Yet, that being said, the restoration of the color itself is just wonderful to behold. The warmth of the hues and overall look to the film is striking, especially after years of being stuck with the anemic pseudo-“noir” version – in fact, this romantic “Dracula” now comes across as an even more unique viewing experience thanks to Taylor’s “Golden” color scheme, presented here with Badham’s blessing, in its original 2.35 widescreen proportions (the desaturated version seems somewhat cropped by comparison also, measuring out to more like 2.2:1). The romantic tone of the film seems much more aligned with the original cinematography, while the “off” looking, desaturated version’s “grittier, darker” look seems more suited to a different sort of treatment altogether. Either way, as the director notes in an introduction shared between the two discs, audiences can now choose, at last, the version they want to see, both of them also offering a rich 2.0 Dolby Stereo soundtrack.

Shout’s supplemental package for “Dracula” includes a new commentary from historian/filmmaker Constantine Nasr, who also produced the assorted new interviews on the disc. Incredibly, editor John Bloom was previously interviewed by Nasr in a magazine article where he stated he “hated” John Williams’ score. Bloom doesn’t quite use that language on-camera here but doubles down on his belief Williams’ score was too bombastic and needed to be eerier. Other interviews include fresh conversations with John Badham and W.D. Richter, plus numerous members of the technical crew.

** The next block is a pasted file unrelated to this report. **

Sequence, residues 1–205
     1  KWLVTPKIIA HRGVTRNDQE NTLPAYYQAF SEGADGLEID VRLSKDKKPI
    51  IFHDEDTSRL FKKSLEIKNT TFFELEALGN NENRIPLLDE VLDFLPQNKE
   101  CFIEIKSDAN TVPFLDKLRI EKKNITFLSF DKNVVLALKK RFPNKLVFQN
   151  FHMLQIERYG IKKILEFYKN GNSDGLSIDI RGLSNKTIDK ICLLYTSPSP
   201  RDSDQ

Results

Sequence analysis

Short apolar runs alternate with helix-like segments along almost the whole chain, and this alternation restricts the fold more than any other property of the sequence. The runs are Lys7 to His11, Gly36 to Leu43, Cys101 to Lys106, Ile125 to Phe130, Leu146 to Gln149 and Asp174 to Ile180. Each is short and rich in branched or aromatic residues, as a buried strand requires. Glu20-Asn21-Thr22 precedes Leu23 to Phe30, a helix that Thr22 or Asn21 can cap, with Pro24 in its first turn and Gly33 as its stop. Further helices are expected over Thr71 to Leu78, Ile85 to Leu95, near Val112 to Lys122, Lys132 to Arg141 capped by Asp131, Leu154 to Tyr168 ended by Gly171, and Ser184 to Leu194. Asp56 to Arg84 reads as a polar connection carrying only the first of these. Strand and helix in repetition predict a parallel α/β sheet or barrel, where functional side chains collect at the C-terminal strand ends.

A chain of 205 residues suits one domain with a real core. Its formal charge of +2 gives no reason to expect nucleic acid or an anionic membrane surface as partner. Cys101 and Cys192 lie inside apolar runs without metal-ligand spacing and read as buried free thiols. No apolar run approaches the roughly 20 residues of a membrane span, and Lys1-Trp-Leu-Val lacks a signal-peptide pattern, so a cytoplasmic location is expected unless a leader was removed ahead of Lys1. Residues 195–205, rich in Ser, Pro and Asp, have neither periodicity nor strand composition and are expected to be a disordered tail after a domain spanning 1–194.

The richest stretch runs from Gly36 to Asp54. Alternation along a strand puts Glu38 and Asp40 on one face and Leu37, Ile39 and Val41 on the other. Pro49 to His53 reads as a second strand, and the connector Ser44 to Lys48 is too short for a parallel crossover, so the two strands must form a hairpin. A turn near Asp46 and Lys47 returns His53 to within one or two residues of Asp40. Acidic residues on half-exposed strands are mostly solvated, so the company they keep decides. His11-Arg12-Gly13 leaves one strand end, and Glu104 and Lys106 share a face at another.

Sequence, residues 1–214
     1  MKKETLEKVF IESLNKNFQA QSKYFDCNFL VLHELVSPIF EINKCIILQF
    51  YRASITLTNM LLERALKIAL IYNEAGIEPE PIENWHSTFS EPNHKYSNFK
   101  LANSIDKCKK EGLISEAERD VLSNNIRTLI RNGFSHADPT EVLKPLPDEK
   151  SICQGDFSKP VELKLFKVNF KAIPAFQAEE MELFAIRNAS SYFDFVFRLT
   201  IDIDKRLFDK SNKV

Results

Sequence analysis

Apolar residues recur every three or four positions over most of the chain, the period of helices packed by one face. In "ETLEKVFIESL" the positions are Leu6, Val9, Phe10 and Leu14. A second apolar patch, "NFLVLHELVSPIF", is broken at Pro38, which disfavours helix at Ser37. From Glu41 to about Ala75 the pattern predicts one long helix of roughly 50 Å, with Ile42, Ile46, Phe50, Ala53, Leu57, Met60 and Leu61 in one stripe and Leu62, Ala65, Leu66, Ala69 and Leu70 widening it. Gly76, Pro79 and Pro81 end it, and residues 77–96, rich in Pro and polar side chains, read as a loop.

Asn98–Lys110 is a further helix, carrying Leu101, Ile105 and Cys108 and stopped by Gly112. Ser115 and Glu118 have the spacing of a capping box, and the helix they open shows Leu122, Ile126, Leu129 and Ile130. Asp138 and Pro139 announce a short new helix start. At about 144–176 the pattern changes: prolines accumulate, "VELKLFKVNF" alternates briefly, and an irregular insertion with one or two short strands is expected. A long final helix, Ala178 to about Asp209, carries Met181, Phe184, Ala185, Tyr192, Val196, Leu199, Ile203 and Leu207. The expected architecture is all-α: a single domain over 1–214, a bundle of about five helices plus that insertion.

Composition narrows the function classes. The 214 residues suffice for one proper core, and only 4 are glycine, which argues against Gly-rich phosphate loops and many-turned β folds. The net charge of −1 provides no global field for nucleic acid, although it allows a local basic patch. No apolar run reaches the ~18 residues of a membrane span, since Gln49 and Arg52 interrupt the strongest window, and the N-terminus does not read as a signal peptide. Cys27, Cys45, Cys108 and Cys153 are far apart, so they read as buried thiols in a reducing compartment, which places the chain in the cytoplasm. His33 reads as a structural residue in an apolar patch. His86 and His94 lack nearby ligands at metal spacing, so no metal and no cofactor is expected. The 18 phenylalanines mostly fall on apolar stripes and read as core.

While these interviews are mostly interesting (Badham’s most especially), none of them can quite supplant the 2002 documentary “The Revamping of ‘Dracula’,” produced by Laurent Bouzereau for Universal’s DVD release and retained here. Offering then-new interviews with Badham, Langella, Richter, Walter Mirisch, John Williams, and other members of the production team, this is an honest evaluation of the production and its eventual, disappointing box-office performance.

Langella’s comments are often the most revealing, with the actor discussing his work as the Count on Broadway, and how he battled Universal execs at the time, who wanted a more visceral, explicit horror movie. Also fun is a discussion over Maurice Binder’s “love scene,” which the filmmakers seem to be split right down the middle on. Williams’ score, meanwhile, is rightly singled out by both Langella and Mirisch, who heap deserved praise on the ravishing London Symphony Orchestra soundtrack.